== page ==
How To Beat Hedge Funds and Wall Street Pros

What’s Wrong

Most of the investing world is bent on trying to maximize returns from the stock market. This is great and all, but what if the thing we wanted to accomplish required us not to do anything?

The vast majority of people confuse action with effectiveness. Sometimes it takes non-action to get the results we want. Many of us humans can’t help but to mess around with things.

Why do people do this? There’s a lot of reasons, all of them stemming from basic human psychology. The biggest reason is arrogance, or the Dunning Kreuger Effect.

Our confidence is extremely high when we just start in any endeavor, while it crashes quickly during the early learning stage. The thing is, this can be a crucial couple years in the start of anyone’s investing journey. (link to compounding)

If you ask 100 people if they are better than the average driver, almost all of them will say yes. We humans tend to think we are special, but we are not. How can every individual beat every other individual? It cannot happen.

The thing is, finding out that we underperformed in investing after doing it for 30 years is a final mistake. You don’t get another 30 years to try again.

What keeps us on “Mount Stupid”

I call these talking heads: the Jim Cramers, Cathie Woods, and Ray Dalios of the investing industry. (Yes, I’m naming names). When these knuckleheads speak, there is no learning. You will find no underlying process, only marketing.

You can’t blame them though, they are only following their incentives: 

Pay attention to incentives and you’ll stay off of Mount Stupid.



Action vs Non-Action

Guess who outperformed the market in these two pictures:

Repeat after me: action does not correlate to success. Investing might be the only discipline I can think of where hustle does not equate to success. The lowest IQ person on the planet can buy stocks without ever looking at a chart or a report, then outperform most hedge funds.

Bull Markets, Inflation, and Geniuses Everywhere

A bull market is when the overall market trends upward. It’s easy to gain confidence in what we’re doing when we pick stocks, they go up, and we attribute it to our skill and not the overall rising market.

This is like running a garden hose into the ocean while the tide is coming in, then claiming we are responsible for the extra water. Silly, right?

The real pain comes when the inevitable bull market ends, the tide goes out, and our system doesn’t work anymore. Our confidence crushed, we enter the valley of despair.

A most costly mistake. This is time we don’t get back.

“Just buy whatever is going to go up”

20 years ago, back in 2002, IBM was the safe bet.

“The revival of I.B.M. over the last nine years is most tellingly measured not in numbers but by its return to pre-eminence as the industry leader. Once again, I.B.M. is the model others follow.” NYT, 2002.

In the below graph there’s 3 businesses and the S&P500 (Ticker: SPY).

Can you guess which is IBM?

It’s the yellow! A 130% return over 20 years (4.25% CAGR). Sad!

Just above that we have the S&P500 at 481% (9.19% CAGR). That’s really good!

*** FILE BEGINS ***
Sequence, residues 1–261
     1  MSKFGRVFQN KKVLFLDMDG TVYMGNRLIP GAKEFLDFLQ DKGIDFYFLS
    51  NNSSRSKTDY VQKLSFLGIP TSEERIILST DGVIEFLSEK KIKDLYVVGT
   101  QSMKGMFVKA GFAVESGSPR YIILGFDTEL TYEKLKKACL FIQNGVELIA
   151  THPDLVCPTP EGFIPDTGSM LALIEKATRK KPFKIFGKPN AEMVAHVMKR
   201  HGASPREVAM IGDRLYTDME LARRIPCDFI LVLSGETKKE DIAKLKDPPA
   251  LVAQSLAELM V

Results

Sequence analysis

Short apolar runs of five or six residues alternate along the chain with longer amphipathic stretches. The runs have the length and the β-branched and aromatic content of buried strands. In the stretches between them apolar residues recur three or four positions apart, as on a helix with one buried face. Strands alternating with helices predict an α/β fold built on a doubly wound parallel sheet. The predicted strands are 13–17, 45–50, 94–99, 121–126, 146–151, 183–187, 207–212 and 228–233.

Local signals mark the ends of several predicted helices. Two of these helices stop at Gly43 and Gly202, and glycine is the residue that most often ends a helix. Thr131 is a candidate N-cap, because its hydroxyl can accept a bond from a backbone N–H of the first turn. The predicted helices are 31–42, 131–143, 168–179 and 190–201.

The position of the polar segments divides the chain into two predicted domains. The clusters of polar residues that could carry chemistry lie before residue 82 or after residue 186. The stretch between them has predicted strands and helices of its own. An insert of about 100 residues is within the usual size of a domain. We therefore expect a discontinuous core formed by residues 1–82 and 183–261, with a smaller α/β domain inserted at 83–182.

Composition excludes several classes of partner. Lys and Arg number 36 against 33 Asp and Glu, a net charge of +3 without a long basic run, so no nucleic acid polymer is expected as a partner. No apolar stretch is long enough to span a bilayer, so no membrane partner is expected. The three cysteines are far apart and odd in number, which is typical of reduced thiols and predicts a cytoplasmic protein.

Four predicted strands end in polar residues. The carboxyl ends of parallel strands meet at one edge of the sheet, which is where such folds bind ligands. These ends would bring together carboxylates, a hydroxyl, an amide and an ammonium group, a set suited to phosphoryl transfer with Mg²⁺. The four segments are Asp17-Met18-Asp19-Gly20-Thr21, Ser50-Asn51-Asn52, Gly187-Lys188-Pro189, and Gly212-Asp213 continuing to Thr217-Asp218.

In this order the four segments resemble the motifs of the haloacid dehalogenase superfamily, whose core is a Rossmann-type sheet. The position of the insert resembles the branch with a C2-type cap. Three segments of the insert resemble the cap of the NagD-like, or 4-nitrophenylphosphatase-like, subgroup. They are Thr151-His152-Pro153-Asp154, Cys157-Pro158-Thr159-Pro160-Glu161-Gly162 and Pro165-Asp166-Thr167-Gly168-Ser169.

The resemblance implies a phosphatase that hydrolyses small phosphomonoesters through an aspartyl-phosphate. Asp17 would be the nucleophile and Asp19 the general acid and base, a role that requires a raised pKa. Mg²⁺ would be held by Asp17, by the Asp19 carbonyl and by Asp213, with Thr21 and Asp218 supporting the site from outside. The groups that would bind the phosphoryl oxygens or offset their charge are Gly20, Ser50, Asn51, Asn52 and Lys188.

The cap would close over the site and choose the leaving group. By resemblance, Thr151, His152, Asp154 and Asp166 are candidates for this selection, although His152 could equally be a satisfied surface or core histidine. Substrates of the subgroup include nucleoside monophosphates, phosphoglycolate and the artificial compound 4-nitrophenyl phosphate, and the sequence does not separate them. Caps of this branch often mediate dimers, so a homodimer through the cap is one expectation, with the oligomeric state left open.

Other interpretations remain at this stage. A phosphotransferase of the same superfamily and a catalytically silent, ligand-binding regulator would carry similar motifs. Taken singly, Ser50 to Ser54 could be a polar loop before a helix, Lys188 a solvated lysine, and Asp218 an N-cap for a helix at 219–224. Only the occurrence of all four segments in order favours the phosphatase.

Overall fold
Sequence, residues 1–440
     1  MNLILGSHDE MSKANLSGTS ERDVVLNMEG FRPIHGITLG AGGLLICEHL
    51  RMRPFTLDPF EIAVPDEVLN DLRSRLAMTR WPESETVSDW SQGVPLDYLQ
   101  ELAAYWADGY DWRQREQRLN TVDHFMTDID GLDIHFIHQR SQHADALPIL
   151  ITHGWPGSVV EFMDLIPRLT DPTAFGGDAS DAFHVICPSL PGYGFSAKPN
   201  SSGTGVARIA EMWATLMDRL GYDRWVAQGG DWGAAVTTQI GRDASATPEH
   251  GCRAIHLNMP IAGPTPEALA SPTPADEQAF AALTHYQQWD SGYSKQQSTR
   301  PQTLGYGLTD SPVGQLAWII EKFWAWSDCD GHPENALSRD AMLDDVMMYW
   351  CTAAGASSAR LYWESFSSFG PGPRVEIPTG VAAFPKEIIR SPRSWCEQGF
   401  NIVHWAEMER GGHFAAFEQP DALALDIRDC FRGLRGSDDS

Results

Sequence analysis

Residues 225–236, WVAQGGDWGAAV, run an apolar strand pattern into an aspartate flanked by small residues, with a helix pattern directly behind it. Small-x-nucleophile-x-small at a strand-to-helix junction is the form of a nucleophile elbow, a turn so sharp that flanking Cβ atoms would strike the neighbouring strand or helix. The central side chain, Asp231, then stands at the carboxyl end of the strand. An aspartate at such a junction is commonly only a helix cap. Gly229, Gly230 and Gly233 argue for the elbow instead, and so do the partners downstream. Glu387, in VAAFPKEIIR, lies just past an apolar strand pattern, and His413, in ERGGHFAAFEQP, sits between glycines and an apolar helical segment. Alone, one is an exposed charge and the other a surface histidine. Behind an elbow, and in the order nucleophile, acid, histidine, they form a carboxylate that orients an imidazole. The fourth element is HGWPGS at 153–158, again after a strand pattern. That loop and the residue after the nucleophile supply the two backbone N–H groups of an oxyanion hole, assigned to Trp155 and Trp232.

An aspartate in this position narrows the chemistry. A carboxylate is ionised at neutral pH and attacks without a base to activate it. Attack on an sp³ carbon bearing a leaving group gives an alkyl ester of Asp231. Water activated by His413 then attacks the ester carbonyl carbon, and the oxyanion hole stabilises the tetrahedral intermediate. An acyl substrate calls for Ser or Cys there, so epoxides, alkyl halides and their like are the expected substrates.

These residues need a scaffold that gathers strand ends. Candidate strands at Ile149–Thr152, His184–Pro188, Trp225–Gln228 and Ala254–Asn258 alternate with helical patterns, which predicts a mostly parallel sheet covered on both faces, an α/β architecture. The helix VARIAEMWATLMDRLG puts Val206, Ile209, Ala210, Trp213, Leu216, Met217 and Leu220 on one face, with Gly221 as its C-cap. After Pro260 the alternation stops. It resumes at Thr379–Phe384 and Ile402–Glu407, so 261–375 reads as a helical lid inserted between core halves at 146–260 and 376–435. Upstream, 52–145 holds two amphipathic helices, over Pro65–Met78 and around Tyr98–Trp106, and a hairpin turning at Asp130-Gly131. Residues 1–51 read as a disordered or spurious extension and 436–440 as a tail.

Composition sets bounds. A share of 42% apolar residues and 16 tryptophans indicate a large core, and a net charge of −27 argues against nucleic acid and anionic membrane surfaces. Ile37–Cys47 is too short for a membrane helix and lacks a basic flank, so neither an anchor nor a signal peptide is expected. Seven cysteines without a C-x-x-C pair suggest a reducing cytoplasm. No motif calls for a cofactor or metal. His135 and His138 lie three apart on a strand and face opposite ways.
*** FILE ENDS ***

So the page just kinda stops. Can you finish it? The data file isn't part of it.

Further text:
Now purple and blue, here’s the real test. One of these you use almost every day.

Purple is Amazon, one of the best performing stocks of all time, and waaaaay above that is Monster Beverage at a whopping 92,000% return (40.6% CAGR). That’s a ridiculous amount of growth.

Here’s the point:
Nobody knows what stocks are going to perform extremely well in the future. Hedge funds and pros are clamoring about “safe bets” but the fact is they can’t outperform the market to save their lives.

Out of the thousands of stocks to choose from, roughly 7% generate almost all the returns in the market. And the road is extremely bumpy. From ’95 to 2015 Monster Beverage was below 30% or more below previous two-year highs 44% of the time. (That’s like riding a bucking bronco stock for 20 years. Don’t get bucked off if you want those returns!)
So much must line up:

  • Picking the right stock

  • Portfolio management

  • Riding the storm

Or you could buy an index ETF and focus on other things.
I like the Vanguard ETFs VOO (the S&P 500), and VTI (the United States total stock market). It captures the good, the bad, and the next Amazons and Monster Beverages.
“But it indexing averages only 8-12% returns!”
Yeah, and that is GREAT.
There’s two different thoughts going on here:

  1. Index returns are bad

  2. The Index routinely outperforms majority of hedge funds, professionals, and retail investors across the board.
    When we zoom out, look at history and the mix of humans with markets, we find that it’s the humans that are responsible for most blunders in the stock market. (Yet another reason to index and take the human element out of it).

If You Must Invest

The best thing about investing is the fact that anyone, anywhere, can invest in any public company. Even kids are starting to invest! (A net positive).
The worst thing is the grifters. People will tell you “We expect a 50% annual return going forward” and then make money off of fees while their investors lose everything.
If you must invest you must weigh your incoming information wisely. The thing is, not everybody can spend all day every day weighing information. In my opinion, that’s what the real professionals do. It’s not the letters after their names, or the schools they went to, but their ability to weigh information independently and free from skewed incentives.
My incentives are to provide the best research for real people, like you and me, so we can create financial freedom.

Disclaimer: The information provided on this website is for general informational purposes only and should not be considered investment advice. Please read our full disclaimer for more information. You can access it by clicking HERE.

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